Wed, Nov 12, 2008 - Page 2 News List

Ship runs aground, tonnes of oil spilled

COST OF NEGLIGENCE Seasonal winds were a blessing after the ‘Morning Sun’ ran aground off the Taipei County coast, carrying most of the leaked, thick fuel oil to shore

By Meggie Lu  /  STAFF WRITER

The Panama-registered cargo ship Morning Sun ran aground off the Taipei County coastline late on Monday. The cargo ship released more than 100 tonnes of heavy fuel oil into the sea, polluting an area 3km by 300m.


The Panama-registered cargo ship Morning Sun was grounded 300m off the Taipei County coastline late on Monday evening, releasing more than 100 tonnes of heavy fuel oil into the sea.

The Environmental Protection Administration (EPA) said at a press conference yesterday that as there were no ecologically sensitive areas in the vicinity and that the situation was under control, adding that an emergency response unit had been formed and that most of the leak would be cleaned up within two weeks.

“The accident occurred at 10:20pm on Monday. Due to technical negligence, the bottom of the Morning Sun scraped the rocky seafloor and the ship was left stranded 300m off Taipei’s Shihmen Township (石門),” the administration’s marine pollution section chief Hsu Jen-tse (許仁澤) said.

As the oil tank was close to the bottom of the ship, heavy fuel oil was released into the sea, Hsu said, adding that as of 4pm yesterday, about 100 tonnes of the 493 tonnes of heavy oil held in the Morning Sun had leaked out, polluting an area 3km long by 300m wide.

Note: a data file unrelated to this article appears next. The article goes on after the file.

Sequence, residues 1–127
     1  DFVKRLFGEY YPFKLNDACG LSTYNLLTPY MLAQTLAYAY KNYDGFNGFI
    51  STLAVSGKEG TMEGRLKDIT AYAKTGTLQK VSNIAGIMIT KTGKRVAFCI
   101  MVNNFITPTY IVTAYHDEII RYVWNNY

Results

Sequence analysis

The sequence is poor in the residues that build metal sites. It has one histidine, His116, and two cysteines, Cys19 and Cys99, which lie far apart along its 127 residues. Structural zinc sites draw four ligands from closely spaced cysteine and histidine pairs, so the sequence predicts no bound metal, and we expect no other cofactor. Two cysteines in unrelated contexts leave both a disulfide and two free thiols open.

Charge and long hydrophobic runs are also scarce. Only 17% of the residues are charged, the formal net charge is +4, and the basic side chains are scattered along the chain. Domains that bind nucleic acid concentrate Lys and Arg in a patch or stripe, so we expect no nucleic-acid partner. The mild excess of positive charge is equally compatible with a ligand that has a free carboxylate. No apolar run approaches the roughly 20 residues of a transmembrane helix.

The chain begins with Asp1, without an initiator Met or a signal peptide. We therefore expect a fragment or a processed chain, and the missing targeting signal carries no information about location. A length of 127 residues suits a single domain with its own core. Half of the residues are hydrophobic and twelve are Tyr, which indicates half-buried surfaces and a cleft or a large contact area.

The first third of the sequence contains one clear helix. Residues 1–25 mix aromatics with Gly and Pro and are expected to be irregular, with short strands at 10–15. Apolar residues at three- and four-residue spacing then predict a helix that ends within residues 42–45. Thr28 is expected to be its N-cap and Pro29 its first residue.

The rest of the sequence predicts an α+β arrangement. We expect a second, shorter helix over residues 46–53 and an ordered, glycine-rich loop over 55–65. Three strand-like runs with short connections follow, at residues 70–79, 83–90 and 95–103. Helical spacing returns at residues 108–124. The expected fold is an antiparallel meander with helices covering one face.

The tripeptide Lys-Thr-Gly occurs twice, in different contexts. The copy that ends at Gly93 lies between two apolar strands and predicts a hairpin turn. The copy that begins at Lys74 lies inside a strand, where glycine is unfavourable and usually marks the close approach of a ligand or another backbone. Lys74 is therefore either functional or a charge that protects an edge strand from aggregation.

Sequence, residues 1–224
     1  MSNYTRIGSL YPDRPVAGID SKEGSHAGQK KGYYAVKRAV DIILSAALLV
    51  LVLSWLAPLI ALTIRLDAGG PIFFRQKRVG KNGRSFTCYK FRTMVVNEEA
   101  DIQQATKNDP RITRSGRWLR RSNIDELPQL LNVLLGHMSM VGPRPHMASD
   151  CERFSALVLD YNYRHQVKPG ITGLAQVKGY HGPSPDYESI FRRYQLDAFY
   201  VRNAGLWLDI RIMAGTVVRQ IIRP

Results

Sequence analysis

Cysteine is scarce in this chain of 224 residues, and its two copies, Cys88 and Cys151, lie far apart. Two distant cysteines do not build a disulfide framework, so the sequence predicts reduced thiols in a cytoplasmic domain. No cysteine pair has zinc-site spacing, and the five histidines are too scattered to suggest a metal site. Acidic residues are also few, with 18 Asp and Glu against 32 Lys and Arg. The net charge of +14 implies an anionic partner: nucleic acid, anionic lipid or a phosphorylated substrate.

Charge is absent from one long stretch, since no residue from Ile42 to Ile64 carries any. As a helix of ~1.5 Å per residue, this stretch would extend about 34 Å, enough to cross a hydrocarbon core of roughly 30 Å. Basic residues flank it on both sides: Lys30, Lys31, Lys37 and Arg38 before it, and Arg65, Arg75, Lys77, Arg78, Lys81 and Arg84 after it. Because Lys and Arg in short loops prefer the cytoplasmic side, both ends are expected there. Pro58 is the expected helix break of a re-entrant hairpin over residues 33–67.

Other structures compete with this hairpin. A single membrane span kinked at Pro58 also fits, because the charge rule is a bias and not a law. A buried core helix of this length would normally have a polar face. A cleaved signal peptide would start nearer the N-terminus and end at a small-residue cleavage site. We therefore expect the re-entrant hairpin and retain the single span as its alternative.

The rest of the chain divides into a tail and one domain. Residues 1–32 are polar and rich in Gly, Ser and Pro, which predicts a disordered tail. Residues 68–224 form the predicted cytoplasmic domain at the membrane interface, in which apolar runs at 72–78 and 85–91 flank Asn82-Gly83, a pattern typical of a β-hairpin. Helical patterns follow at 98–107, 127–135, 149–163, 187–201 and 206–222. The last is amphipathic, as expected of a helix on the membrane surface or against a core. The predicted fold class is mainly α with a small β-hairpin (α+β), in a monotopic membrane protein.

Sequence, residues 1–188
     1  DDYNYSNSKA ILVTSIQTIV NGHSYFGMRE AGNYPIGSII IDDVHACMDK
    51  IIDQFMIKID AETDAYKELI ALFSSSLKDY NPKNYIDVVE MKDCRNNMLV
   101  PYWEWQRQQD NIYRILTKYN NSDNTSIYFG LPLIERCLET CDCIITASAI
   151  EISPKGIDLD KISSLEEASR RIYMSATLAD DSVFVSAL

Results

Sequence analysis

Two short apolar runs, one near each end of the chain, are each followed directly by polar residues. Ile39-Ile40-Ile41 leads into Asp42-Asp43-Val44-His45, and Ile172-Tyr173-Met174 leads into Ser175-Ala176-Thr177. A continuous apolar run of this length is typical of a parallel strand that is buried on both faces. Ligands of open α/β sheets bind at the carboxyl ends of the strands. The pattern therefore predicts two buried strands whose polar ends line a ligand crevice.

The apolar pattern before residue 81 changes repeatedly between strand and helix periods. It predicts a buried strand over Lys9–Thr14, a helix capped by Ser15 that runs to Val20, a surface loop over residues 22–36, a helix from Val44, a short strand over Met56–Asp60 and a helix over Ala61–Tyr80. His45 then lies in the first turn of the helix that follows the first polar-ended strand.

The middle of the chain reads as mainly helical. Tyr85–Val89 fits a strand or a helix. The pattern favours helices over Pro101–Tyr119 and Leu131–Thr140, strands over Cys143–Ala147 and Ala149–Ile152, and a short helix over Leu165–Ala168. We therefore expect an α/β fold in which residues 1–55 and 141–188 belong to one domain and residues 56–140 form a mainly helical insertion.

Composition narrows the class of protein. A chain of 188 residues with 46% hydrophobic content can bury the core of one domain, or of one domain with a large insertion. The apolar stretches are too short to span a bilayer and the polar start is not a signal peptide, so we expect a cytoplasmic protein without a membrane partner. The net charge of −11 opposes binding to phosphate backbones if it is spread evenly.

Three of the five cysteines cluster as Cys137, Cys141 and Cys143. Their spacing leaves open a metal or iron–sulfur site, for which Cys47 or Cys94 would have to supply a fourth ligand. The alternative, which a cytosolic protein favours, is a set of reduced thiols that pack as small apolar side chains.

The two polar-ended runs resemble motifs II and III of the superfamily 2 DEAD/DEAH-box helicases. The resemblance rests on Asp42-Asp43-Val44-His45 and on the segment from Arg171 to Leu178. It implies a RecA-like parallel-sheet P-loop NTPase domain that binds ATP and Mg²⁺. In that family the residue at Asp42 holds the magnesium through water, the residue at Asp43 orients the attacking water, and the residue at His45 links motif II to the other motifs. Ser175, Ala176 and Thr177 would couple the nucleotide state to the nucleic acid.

“The leak poses a threat, as it is close to the First Nuclear Power Plant, whose staff has been ordered to activate preventive safety measures,” Hsu said.

Heavy oil is a type of fuel oil made with the remains of crude oil after gasoline and distillate fuel oils are extracted. The viscous and dense liquid fuel is inexpensive, but contains relatively high amounts of pollutants, particularly sulfur, which forms sulfur dioxide upon combustion.

“Fortunately, because of the direction of the northeast seasonal winds, the waves have brought most of the leakage ashore. Otherwise, the heavy oil could have coagulated on the seafloor and it would have been difficult to clean up,” Hsu said.

The incident happened when the 14,000-tonne ship, which was northbound from Singapore to Busan Port in South Korea, pulled close to the Taiwanese coast to shield itself from winds on Monday night. As it was not carrying any load, the poor weather conditions caused it to wobble violently, Hsu said.

Although the Coast Guard Administration received an emergency call, it was unable to land a rescue helicopter on the vessel to rescue crew members until the winds subsided in the morning, Hsu said.

“As of now, 18 of the 21 crew members have been rescued, while the remaining three, who are familiar with the pipelines on the ship, will stay on board to help with the cleanup,” he said.

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